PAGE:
From Pipi’s Pasture: Following the orange twine | CraigDailyPress.com
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From Pipi’s Pasture: Following the orange twine

From Pipi's Pasture
PipisPasture

I never have had much upper body strength. That coupled with my arthritic hands and wrists has always caused me problems when shutting wire gates on the ranch. You know how you have to put your arm around the post of the loose gate and pull and push while holding onto the wire loop on the other gate post in order to shut the gate? Well, over the years, before moving to Pipi’s Pasture and while on summer pasture, I’ve often found wire gates too tight to close.

So, when I know I’m going to be out on pastures by myself, I’ve taken to filling my pockets with orange twines, left from bales of hay. That way I’ve always had a way to temporarily close gates until some stronger person—usually Lyle or my brother Duane—could close the gate properly. Over the years people have always been able to tell where I’ve been—by just following the orange twines.

Here at Pipi’s Pasture we don’t have any wire gates, but that doesn’t mean that I don’t make use of the orange twines. There are piles of twines down at the corral where I feed hay so they’re handy if I find a sagging fence wire where a cow has been reaching through onto the other side. To assure myself that the cow can’t keep reaching and reaching and the fence keeps on sagging until she can crawl through (and it’s happened more than once), I tie up the wire with twine.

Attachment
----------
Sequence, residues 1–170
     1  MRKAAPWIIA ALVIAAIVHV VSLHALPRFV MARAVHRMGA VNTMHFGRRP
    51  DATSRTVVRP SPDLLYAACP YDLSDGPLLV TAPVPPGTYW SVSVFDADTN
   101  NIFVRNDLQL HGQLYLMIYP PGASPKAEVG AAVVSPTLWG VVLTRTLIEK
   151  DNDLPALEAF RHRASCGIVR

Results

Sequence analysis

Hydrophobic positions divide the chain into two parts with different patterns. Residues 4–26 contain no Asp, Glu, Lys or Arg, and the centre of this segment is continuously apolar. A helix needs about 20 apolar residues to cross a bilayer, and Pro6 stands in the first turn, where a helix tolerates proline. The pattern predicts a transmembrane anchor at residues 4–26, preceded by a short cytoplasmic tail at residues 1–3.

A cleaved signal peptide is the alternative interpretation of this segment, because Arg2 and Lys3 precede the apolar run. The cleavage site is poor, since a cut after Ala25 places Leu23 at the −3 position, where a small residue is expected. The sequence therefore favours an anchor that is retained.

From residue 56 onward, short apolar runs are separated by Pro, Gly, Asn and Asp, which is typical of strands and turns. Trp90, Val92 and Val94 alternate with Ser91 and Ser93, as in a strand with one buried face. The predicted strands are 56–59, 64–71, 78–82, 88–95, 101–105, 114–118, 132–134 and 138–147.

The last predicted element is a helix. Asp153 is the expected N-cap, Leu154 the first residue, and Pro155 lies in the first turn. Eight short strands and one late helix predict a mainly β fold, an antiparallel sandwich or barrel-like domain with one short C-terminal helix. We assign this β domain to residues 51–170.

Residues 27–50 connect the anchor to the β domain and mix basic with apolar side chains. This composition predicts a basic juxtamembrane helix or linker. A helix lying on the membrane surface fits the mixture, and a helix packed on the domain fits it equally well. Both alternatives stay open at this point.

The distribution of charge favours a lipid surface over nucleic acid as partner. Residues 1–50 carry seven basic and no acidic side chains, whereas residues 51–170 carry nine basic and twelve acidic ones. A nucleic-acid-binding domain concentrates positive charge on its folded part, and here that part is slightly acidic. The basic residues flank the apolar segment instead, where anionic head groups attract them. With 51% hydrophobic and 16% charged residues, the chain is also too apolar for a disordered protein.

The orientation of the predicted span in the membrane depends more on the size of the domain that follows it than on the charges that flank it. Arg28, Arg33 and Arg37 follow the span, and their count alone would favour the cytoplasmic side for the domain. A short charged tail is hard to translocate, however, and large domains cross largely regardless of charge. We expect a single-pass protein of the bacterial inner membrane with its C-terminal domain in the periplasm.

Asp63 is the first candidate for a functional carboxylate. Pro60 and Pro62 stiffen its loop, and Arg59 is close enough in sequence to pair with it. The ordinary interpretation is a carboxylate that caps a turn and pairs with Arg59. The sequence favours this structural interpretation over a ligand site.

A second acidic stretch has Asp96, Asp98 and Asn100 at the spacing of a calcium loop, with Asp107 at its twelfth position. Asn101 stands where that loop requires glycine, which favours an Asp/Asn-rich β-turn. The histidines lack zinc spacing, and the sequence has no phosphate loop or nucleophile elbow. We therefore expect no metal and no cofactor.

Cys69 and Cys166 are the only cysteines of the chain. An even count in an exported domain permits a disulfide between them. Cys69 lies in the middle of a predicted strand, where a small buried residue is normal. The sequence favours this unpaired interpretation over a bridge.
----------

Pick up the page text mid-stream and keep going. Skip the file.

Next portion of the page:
Now there’s wire at the shop. It’s only a few steps away. However, the twine is handy, and besides, it’s easier to work with. So here and there orange twines decorate the fences here at Pipi’s Pasture. However, it’s the gates that get most of the twines.

The gates at the corral close by hooking chains into a metal notch or by some other hook. The problem is that cows love to rub and rub and scratch and scratch until the chains finally come loose and the gates open up. So guess what? I reinforce the gates with a twine (or more). I drive my family members crazy with this habit because they’re always having to cut twines when they want to open gates.   

More recently the cows in the pen at one side of the corral tried to reach some hay that I had piled in the “loading dock” just outside of the corral. I knew that the cows couldn’t reach the hay, but what I didn’t count on was that one great big cow was able to get her head through one of the rungs of the gate to the dock. This had never happened before in all the years we have been here. Anyway, she is so big that when she pushed and pushed, she was finally able to reach the hay.

Guess what happened? The aluminum gate bent—boy did it bend! In fact, it bent nearly in half, although it remained closed. I was worried the gate might break in half. So I used wire to patch the big hole. Eventually I ran out of wire, but there was plenty of orange twine right next to the corral. The gate was quite a sight, but cows stayed in the corral until friend Tom Clevenger reinforced the gate with a panel.

To find me, just follow the orange twines.


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